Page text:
A predawn raid Wednesday by more than 100 law enforcement officers led to the arrest of almost 20 people accused of turning the Belmont community into an “open-air drug market” that catered to the entire city.
In all, 28 defendants face state or federal charges stemming from the crack cocaine trade in the east Charlotte neighborhood, long plagued by poverty, joblessness and crime. A combined posse of FBI agents, state troopers and Charlotte-Mecklenburg police were still hunting six of the accused late Wednesday afternoon. Most of those in custody have extensive criminal histories, officials said.
A sweeping federal indictment charges 20 defendants with multiple counts of crack possession and conspiracy to sell. Each charge carries a maximum 20-year sentence and $1 million fine.
“To the law-abiding citizens who reside in these areas, we will continue to work ... to combat drug activity and violent crime,” said U.S. Attorney Jill Rose. “To those who engage in criminal activity, our message is clear: We will not sit on the sidelines while you continue to pollute our neighborhoods with drugs and crime.”
Rose, with top FBI and Charlotte-Mecklenburg police leaders alongside, spoke during a press conference at a Central Avenue police station not far from where the early morning arrests were made.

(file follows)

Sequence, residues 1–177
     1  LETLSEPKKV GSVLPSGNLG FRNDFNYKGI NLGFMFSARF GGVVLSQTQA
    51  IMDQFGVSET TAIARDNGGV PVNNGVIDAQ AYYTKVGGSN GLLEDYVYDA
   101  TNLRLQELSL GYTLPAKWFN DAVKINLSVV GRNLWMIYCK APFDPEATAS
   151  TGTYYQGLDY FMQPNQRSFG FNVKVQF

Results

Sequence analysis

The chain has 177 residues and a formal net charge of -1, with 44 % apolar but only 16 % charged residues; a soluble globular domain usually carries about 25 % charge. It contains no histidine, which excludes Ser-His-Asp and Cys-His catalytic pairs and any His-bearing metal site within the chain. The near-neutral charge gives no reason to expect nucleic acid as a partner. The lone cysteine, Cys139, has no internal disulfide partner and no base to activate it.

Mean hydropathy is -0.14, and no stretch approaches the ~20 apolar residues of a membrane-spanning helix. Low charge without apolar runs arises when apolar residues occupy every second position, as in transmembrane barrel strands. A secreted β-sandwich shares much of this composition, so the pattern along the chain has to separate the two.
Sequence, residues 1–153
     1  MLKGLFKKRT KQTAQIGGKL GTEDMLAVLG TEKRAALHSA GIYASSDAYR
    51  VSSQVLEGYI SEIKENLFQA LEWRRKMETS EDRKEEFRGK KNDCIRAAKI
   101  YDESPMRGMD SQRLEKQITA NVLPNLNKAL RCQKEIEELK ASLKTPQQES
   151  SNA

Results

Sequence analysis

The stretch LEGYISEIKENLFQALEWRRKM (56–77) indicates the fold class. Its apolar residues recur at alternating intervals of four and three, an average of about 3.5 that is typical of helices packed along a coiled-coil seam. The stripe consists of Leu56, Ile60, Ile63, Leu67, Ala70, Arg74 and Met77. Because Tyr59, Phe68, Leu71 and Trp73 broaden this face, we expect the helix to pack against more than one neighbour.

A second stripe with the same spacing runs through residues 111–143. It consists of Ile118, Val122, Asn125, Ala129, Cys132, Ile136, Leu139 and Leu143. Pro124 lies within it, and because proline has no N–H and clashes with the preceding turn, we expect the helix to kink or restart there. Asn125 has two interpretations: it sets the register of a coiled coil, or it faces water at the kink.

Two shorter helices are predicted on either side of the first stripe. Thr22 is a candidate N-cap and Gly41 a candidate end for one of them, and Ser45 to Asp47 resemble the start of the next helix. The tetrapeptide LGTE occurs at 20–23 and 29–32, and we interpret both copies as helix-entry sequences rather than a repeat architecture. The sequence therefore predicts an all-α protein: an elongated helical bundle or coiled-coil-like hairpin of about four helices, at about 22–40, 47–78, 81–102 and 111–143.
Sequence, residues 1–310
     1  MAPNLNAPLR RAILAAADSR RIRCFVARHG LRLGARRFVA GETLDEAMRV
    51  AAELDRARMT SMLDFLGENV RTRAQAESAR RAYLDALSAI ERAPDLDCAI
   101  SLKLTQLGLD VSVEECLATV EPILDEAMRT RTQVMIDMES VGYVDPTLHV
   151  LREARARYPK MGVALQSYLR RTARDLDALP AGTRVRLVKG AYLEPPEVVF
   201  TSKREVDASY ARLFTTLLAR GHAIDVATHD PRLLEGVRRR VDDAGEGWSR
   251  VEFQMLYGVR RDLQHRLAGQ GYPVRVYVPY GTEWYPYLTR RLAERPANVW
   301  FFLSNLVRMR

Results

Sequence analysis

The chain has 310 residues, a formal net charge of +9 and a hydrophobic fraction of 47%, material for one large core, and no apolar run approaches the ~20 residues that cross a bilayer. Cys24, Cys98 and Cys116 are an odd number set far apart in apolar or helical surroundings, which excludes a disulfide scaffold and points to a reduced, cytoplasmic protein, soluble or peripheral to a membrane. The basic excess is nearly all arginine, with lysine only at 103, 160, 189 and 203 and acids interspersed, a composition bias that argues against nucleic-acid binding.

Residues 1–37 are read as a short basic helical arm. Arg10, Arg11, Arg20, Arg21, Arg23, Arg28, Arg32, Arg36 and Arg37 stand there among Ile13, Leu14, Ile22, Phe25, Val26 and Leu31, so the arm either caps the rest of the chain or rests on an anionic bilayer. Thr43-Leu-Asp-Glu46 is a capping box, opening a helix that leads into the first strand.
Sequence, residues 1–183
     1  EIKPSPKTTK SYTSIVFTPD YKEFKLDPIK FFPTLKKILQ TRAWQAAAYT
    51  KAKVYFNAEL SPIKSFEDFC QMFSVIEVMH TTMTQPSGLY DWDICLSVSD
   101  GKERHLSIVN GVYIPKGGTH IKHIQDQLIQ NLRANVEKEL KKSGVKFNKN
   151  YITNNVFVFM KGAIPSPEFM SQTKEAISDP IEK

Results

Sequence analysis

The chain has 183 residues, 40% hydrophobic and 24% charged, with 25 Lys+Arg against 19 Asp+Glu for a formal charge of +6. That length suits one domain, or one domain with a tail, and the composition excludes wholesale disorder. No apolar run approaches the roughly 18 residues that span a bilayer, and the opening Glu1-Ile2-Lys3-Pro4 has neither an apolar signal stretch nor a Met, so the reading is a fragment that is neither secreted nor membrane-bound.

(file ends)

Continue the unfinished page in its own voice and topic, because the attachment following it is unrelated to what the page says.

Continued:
The raid culminated an investigation triggered by a surge in violent crime in Belmont believed tied to drugs. CMPD Deputy Chief Doug Gallant said during one three-month stretch, his officers answered 31 calls for “shots fired.”
John Strong, head of FBI operations statewide, said the drug trade brought crime and violence to the majority of Belmont residents “who have chosen to live their lives peacefully.”
The neighborhood’s struggles have been chronic. According to the Quality of Life Explorer, a joint data effort by the city, county and UNC Charlotte’s Urban Institute, the majority black community north of Central Avenue has almost six times the rate of violent crime, half the rate of home ownership and a third the college degrees as the rest of Mecklenburg County.
Carl Taylor, 72, a longtime deacon at St. Paul Baptist Church in the heart of community, says prostitutes and drug traffickers operate openly on street corners and sidewalks. His church’s windows, he says, have been punctured by bullets.
Invited to attend the press conference by police, Taylor described the crackdown as “an important first step. But I haven’t heard a lot about what’s the next step.”
He motioned to where police had placed the mug shots of those arrested. Some of those men and women had long before become familiar presences around his church, Taylor said.
Unless the city, police and residents do more to confront the community’s problems, Taylor predicted Belmont’s street corners will be manned by new faces “before the sun goes down.”
“To poor folks,” he said, “selling drugs is the easiest job in the world.”
Database editor Gavin Off contributed.